Cleveland Cavaliers

It was no secret who Cleveland would take at No. 1 after winning the 2003 Draft Lottery.
Jesse D. Garrabrant/NBAE/Getty Images
DeSagana Diop (restricted)
Zydrunas Ilgauskas (unrestricted)
Jeff McInnis (unrestricted)
Robert Traylor (team option)
Dajuan Wagner (unrestricted)
Scott Williams (unrestricted)
2004: 10. Luke Jackson, Oregon
2003: 1. LeBron James, St. Vincent-St. Mary's HS
31. Jason Kapono, UCLA
2002: 6. Dajuan Wagner, Memphis
35. Carlos Boozer, Duke
2001: 8. DeSagana Diop, Oak Hill Acad.
20. Brendan Haywood, UNC
36. Jeff Trapagnier, USC
2000: 8. Jamal Crawford, Mich.
By Bill Evans

When the 2004-05 season began: The Cavaliers were beginning year two of the LeBron James era without Carlos Boozer, but were optimistic nevertheless. Jim Paxson and Paul Silas had the team positioned for its first playoff berth since 1998.

What happened? Everything went according to plan initially, as the Cavaliers jumped out to first place in the Central with a 30-21 record at the All-Star break. Then, strange things started to happen.

A six-game losing streak spanned the end of February and the beginning of March. During that streak, the transfer of ownership from Gordon Gund to Dan Gilbert was approved by the NBA Board of Governors.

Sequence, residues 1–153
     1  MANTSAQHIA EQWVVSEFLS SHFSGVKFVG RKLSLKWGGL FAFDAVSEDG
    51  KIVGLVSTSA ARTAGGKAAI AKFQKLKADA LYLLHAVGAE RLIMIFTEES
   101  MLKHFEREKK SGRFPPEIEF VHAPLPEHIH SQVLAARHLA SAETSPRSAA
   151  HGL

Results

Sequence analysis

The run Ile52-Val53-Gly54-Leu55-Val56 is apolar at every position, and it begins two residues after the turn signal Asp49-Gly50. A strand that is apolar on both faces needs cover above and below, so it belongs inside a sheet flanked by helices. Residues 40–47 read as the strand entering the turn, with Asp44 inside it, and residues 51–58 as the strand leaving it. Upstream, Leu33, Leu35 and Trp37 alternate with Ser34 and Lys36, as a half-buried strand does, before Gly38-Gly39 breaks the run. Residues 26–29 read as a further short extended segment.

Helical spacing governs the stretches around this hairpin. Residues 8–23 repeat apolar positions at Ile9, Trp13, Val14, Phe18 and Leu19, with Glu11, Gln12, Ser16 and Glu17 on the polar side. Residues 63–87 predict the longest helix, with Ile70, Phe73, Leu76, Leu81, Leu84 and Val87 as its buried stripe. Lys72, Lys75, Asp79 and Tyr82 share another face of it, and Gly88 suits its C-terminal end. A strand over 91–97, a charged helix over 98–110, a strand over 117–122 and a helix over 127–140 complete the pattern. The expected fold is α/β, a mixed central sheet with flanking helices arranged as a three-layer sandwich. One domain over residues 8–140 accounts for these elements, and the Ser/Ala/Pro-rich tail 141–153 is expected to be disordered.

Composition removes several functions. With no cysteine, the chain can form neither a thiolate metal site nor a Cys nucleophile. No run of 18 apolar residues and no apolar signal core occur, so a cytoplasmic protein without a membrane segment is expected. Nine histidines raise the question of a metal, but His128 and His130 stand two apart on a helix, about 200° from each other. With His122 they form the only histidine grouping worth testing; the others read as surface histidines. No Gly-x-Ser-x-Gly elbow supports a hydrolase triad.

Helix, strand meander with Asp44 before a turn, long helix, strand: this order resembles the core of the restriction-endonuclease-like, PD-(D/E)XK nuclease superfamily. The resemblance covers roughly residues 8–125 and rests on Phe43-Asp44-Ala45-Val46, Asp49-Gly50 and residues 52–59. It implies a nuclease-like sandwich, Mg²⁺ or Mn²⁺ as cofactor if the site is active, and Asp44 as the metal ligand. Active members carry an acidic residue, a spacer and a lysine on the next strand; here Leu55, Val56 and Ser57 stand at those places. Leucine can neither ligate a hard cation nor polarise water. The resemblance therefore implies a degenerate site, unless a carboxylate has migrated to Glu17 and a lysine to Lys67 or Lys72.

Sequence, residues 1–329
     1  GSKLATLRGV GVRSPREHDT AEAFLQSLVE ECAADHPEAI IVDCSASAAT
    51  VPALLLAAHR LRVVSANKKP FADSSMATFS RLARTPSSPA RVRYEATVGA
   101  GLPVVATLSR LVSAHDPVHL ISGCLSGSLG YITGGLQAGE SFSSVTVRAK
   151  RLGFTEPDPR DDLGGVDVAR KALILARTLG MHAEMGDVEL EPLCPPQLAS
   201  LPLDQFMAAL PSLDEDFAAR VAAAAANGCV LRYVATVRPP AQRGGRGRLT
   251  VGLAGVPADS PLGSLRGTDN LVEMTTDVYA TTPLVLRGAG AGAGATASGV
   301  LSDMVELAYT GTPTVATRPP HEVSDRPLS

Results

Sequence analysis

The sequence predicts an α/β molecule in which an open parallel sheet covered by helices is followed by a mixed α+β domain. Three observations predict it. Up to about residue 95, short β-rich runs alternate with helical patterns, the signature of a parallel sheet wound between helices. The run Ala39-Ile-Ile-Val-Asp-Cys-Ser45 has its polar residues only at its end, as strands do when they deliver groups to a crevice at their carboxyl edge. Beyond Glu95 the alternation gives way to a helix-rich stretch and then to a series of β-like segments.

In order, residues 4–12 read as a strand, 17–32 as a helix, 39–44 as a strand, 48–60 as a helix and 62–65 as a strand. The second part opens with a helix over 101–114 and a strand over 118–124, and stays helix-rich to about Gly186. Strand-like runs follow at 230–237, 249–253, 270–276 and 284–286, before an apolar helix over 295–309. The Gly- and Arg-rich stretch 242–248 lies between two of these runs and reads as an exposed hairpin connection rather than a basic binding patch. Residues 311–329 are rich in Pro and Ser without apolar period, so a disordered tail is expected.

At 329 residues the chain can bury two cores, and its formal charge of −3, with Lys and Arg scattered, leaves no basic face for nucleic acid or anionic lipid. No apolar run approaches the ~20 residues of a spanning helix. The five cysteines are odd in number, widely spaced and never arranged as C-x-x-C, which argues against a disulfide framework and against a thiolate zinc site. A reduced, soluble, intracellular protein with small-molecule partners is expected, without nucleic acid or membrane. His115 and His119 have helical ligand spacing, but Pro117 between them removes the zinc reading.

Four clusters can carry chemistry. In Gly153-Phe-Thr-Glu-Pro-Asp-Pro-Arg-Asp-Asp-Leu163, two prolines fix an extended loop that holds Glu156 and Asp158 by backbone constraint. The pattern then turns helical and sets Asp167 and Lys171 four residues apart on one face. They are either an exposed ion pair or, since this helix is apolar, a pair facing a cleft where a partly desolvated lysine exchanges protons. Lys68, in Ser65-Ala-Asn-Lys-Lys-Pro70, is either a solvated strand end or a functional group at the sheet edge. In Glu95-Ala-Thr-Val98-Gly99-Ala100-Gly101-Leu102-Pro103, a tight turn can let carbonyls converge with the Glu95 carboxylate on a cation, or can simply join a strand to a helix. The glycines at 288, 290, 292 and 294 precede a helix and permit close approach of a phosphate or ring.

Two weeks later, the Cavs suffered a stinging 105-98 loss in Toronto that featured a 56-point career-high outburst from LeBron and the benching of Jeff McInnis, whose recent play had irked Silas. One day later, Silas is fired and interim coach Brendan Malone installs Eric Snow as the starter at point.

So, you take a heaping dose of turmoil, throw in an early April injury to All-Star Zydrunas Ilgauskas (who missed four games) and add a costly home loss to New York. It all added up to an 11-19 finish to a 42-40 season that left the Cavaliers one game shy of the playoffs for the second year in a row.

James almost single-handedly willed the Cavaliers into the postseason, averaging 32.3 points, 9.8 rebounds and 7.1 assists over the final month. He was named to the All-NBA Second Team, finishing third in NBA in scoring (27.2 ppg), sixth in assists (7.2 apg) and third in steals (2.21 spg). He also logged the first four triple-doubles of his NBA career.

What now? The Cavaliers conveyed their draft pick to the Phoenix Suns, so any roster tweaking will have to come via the free agent market.

The big question in Cleveland is whether or not the team will re-sign Ilgauskas, or spend their money elsewhere. Though the 7-3 Lithuanian is one of the top centers in the East, the Cavaliers also have a pretty talented stable of big men in Robert Traylor, Drew Gooden and Anderson Varejao.

Shooting guard is an obvious need for one of the NBA's poorer shooting teams, who may covet one of the many marksmen available (Michael Redd, Ray Allen, Joe Johnson, Larry Hughes, etc.). There could also be interest in a point guard. McInnis isn't likely to be back and Snow is 32 and coming off a woeful season offensively.